# Calculating final angular velocity using rot. KE and ang. momentum?

#### 21joanna12

1. Homework Statement
There is a point particle on the edge of a merry-go-round. It has mass 15kg and the merry-go-round has mass 235kg. The initial angular momentum is 2 radians per second. If the point particle moves from the outer edge of the merry-go round to the centre, what is the final angular momentum?

I've tried to do this problem using conservation of angular momentum and conservation of rotational kinetic energy and I get two different answers...

2. Homework Equations

moment of inertia of particle, Ip = mr2 and of merry-go-round, Im=mr2/2

rotational kinetic energy =Iω2/2

Angular momentum, L=Iω for particle or

3. The Attempt at a Solution

In both cases, the moment of inertia of the partcle in the centre is zero and therefore its rotational kinetic energy and angular momentum are zero .

First, using conservation of angular momentum,

intial angular momentum of merry go round + of particle = final angular momentum of merry-go-round.

0.5x235xr2x2 + 15xr2x2 = 0.5x235xr2final

235 + 30 = 0.5x235xωfinal

ωfinal= 2.2553.....

Using conservation of rotational kinetic energy,

0.5x15xr2x22 + 0.5x0.5x235xr2x22 = 0.5x0.5x235xωfinal2

Then I get ωfinal= 2.1238....

I have a feeling that the issue may be that the rotational KE of the particle isn't zero even when it is at the centre, although I'm not sure...

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#### BvU

Homework Helper
Your teacher has a difficult way of formulating exercises!
We have to make a few assumptions before we can actually do something:
We assume the 2 radians per second is not the angular momentum but the rotational speed (angular speed) $\omega = {d\theta\over dt}$ (An angular momentum has a different dimension than rad/s)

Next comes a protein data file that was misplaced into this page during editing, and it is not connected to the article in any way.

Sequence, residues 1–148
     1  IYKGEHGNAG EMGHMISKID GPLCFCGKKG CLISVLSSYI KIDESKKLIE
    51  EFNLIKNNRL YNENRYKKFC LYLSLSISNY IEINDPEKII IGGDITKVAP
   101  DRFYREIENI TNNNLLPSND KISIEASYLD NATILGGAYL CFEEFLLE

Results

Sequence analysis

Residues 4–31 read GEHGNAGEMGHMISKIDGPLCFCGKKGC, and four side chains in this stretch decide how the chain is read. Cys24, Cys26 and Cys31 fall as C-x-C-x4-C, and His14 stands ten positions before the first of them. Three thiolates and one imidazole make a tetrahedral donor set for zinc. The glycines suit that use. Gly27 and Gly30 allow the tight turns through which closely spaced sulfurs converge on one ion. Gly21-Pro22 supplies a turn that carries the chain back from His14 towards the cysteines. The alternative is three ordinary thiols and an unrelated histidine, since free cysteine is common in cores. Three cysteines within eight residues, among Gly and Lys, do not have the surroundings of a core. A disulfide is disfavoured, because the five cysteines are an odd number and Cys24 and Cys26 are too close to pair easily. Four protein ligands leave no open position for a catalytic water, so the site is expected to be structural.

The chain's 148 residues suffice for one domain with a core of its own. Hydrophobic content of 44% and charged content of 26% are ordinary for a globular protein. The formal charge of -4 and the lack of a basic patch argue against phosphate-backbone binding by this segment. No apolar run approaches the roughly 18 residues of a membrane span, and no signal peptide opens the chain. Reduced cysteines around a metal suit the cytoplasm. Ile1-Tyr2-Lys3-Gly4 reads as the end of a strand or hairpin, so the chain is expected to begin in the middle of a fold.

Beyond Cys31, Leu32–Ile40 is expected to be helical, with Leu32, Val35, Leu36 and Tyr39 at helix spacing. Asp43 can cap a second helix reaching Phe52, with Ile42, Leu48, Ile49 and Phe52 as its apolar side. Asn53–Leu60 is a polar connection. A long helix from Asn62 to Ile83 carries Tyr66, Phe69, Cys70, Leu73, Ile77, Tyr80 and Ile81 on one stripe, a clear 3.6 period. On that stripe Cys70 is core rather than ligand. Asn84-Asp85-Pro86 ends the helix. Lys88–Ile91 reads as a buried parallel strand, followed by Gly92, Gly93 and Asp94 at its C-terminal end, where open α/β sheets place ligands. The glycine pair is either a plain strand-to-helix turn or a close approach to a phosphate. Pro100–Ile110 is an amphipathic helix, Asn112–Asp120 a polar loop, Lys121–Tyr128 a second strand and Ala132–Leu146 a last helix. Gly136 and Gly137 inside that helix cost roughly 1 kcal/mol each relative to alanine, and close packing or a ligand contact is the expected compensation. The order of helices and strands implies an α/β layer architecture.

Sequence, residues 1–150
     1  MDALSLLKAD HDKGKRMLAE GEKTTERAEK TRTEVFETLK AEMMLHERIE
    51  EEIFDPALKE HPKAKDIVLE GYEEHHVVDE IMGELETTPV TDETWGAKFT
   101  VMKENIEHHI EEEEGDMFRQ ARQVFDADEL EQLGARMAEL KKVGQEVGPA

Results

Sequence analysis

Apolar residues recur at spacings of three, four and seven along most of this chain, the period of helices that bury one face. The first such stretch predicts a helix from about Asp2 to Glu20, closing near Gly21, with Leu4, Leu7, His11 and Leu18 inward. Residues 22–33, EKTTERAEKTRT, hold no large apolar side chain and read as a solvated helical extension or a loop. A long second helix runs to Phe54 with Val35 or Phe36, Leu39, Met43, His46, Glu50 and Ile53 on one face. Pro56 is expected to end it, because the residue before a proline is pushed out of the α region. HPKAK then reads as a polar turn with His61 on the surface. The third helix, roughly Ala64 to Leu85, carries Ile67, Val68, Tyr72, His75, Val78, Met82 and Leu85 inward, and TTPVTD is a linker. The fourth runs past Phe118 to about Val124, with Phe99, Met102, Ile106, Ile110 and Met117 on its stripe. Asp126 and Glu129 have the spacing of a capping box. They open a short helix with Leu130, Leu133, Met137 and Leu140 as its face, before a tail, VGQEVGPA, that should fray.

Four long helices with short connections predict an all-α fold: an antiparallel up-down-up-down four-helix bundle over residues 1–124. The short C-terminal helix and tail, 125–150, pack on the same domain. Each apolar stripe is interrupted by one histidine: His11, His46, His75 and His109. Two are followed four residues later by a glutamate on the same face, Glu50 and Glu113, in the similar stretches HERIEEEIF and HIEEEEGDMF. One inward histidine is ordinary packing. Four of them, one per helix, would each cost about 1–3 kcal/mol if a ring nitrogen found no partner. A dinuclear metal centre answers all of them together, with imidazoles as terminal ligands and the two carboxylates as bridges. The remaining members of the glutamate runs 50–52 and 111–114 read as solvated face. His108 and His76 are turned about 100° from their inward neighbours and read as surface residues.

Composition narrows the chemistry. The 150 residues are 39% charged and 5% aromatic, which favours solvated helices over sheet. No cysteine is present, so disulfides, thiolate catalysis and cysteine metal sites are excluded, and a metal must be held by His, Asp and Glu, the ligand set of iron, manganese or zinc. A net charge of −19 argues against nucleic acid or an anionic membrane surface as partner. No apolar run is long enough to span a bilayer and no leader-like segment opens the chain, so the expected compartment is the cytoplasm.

We assume the merry-go-round (mgr from now on) plus point particle (pp from now on) BOTH rotate with that same $\omega$
We assume that whatever brings the pp to the center is attached to the mgr
We assume there is no engine that is coupled to the mgr: the whole system isn't driven but rotates freely (no external torque).
We assume that the final angular momentum that is being asked for is not the total angular momentum of mgr+pp but the final angular speed of mgr+pp.

A bit much for my taste; did you render the whole thing or did you skip a few bits ?

In the case all assumptions are correct, we may use angular momentum conservation.

There is no reason to expect conservation of energy: something has to do work to bring the pp to the center of the mgr.

#### 21joanna12

Your teacher has a difficult way of formulating exercises!
We have to make a few assumptions before we can actually do something:
We assume the 2 radians per second is not the angular momentum but the rotational speed (angular speed) $\omega = {d\theta\over dt}$ (An angular momentum has a different dimension than rad/s)
We assume the merry-go-round (mgr from now on) plus point particle (pp from now on) BOTH rotate with that same $\omega$
We assume that whatever brings the pp to the center is attached to the mgr
We assume there is no engine that is coupled to the mgr: the whole system isn't driven but rotates freely (no external torque).
We assume that the final angular momentum that is being asked for is not the total angular momentum of mgr+pp but the final angular speed of mgr+pp.

A bit much for my taste; did you render the whole thing or did you skip a few bits ?

In the case all assumptions are correct, we may use angular momentum conservation.

There is no reason to expect conservation of energy: something has to do work to bring the pp to the center of the mgr.

Thank you for your reply! 'Angular momentum' was a typo- I meant angular velocity. I see now why we woould have to use conservation of angular momentum. The only thing I missed out was that the 'particle' was actually a toddler crawling to the centre. I see that kinetic energy would increase here because chemical energy from their muscles is transformed into KE.

Thank you :)

"Calculating final angular velocity using rot. KE and ang. momentum?"

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